M. Arch Student Georgina Baronian Wins LafargeHolcim Next Generation Award

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Georgina Baronian, a third-year M.Arch student, was awarded the Next Generation 1st Prize at the LafargeHolcim Awards for Sustainable Construction presented in Chicago on October 12, 2017. Baronian's project, Prototype for an Evaporative Cooling Roof, is an investigation on cooling large-scale structures using an evaporating layer of water on the roof to provide radiant cooling and act as a solar reflector.

The LafargeHolcim Foundation for Sustainable Construction was created in 2003 to raise awareness of the important role that architecture, engineering, urban planning and the building industry have in achieving a more sustainable future. The Foundation is a non-profit organization supporting initiatives that combine sustainable construction with architectural excellence and enhanced quality of life. The LafargeHolcim Awards are regarded as the world’s most significant competition for sustainable design.

The criteria of the competition are as challenging as the goal of sustainability itself. The competition is for projects at an advanced stage of design, not finished works. It seeks designs that go beyond current standards, showcase sustainable responses to technological, environmental, socioeconomic, and cultural issues affecting contemporary construction, and deliver new, surprising, and truly visionary solutions to the way we build.

Project Description
An Integrated Approach to Energy, Climate & Aesthetics
The project considers the relationship between energy infrastructures and the spaces they serve, developing an integrated solution that not only engenders efficiencies but proposes a new methodology for the construction of atmosphere. The modernisation and mechanisation of architecture over the course of the 20th century has resulted in complex buildings systems, progressively removed from the spatial experience and obtuse to the user. This separation of occupant and system accounts in part for the misuse of energy resources within the built environment today. Through the establishment of a climatic device that modifies both interior comfort and spatial experience, the proposal seeks to conceptualise a new way of producing sustainable building systems.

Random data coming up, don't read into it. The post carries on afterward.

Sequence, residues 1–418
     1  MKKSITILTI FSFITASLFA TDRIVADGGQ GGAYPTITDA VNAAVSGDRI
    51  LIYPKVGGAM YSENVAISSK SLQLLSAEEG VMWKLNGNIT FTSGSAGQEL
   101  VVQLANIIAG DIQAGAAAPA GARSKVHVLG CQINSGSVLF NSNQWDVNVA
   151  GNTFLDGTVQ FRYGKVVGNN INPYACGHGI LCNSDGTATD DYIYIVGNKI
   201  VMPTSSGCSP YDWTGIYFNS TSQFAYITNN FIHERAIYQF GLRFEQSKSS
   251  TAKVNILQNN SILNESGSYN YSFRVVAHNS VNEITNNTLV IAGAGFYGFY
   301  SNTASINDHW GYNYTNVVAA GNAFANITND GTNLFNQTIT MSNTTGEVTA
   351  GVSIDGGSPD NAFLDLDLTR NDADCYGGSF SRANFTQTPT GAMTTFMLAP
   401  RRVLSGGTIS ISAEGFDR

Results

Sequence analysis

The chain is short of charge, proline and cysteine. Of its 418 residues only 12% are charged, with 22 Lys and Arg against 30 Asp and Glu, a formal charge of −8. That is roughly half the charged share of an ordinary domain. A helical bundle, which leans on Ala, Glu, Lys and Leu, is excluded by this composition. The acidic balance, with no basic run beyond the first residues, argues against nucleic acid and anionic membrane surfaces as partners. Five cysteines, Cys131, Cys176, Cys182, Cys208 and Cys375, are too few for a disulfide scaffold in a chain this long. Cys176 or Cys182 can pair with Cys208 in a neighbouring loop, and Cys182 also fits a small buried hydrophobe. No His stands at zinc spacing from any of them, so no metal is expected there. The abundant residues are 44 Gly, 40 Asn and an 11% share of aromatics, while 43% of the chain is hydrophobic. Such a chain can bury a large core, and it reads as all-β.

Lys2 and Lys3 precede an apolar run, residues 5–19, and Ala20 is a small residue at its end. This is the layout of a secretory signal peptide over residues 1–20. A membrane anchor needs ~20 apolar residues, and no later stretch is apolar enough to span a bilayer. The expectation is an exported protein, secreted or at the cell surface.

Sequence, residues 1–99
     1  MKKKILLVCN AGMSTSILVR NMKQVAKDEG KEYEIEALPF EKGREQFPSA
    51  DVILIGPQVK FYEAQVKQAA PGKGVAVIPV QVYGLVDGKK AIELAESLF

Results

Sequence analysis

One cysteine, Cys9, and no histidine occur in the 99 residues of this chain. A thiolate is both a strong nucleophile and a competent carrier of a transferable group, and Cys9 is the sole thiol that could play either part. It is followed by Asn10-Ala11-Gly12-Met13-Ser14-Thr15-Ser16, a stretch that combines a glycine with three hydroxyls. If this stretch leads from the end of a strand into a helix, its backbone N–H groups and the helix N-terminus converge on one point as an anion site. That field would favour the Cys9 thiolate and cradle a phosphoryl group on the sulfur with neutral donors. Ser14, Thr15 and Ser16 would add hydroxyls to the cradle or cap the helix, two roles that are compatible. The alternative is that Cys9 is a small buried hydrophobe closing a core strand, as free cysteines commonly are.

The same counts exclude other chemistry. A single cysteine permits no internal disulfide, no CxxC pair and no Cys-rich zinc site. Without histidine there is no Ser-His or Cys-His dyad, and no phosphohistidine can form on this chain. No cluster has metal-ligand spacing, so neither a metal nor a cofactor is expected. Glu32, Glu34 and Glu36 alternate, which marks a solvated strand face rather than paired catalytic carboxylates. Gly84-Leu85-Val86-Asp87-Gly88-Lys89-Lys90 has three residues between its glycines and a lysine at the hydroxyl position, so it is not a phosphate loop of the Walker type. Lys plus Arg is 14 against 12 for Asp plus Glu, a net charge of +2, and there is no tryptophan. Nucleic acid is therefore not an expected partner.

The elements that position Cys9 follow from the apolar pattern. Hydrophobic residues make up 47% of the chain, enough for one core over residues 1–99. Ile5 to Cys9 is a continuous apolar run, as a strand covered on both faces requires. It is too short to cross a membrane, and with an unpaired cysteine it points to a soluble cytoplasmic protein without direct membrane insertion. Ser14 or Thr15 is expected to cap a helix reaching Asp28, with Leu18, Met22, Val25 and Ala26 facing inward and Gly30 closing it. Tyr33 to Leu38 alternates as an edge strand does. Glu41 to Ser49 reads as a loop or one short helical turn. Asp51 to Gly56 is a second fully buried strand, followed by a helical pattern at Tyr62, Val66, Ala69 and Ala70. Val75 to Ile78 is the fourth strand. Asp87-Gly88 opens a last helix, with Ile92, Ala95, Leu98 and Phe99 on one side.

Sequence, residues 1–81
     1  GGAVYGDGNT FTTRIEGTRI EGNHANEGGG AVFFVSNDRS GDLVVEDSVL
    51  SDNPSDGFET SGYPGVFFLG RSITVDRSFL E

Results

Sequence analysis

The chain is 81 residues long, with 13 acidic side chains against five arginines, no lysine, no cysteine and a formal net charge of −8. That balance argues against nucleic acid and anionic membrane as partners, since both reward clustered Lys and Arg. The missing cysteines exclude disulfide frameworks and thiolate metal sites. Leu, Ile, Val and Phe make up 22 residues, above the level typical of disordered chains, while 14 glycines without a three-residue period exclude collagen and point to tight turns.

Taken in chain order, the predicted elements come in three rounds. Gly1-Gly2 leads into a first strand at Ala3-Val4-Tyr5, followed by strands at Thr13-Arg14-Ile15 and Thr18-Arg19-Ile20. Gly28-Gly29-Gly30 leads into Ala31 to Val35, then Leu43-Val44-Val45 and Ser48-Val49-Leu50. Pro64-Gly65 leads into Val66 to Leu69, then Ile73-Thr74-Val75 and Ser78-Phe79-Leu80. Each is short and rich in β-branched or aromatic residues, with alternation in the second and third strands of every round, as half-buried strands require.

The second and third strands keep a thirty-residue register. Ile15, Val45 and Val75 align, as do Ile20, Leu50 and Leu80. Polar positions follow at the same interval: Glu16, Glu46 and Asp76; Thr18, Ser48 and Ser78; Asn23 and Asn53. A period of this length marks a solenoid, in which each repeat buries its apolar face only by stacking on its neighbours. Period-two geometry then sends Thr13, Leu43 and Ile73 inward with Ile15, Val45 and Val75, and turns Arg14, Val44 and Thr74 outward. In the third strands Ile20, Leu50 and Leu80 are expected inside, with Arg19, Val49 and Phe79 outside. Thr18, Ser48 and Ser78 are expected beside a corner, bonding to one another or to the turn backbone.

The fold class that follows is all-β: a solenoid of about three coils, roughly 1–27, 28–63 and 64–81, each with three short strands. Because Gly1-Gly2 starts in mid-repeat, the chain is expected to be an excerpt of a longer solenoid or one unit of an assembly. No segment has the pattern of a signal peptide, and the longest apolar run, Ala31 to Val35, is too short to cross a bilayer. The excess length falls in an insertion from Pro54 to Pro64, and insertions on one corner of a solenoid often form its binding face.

Reconsidering the Production of Interior Comfort
At the heart of the project is the desire to harness the latent potential of natural systems, in place of the ever-increasing use of energy demanding mechanical systems. Through understanding the evaporative properties of water in the context of the psychometric chart and creatively interpreted in the design of a passive building system, the project strives to provoke new directions and methodologies for the construction of climate. The project through its use of radiant cooling (which does not alter air temperature but modifies its perception) also questions our assumptions of how comfort is created and indeed what comfort is.

Energy Infrastructures as Landscape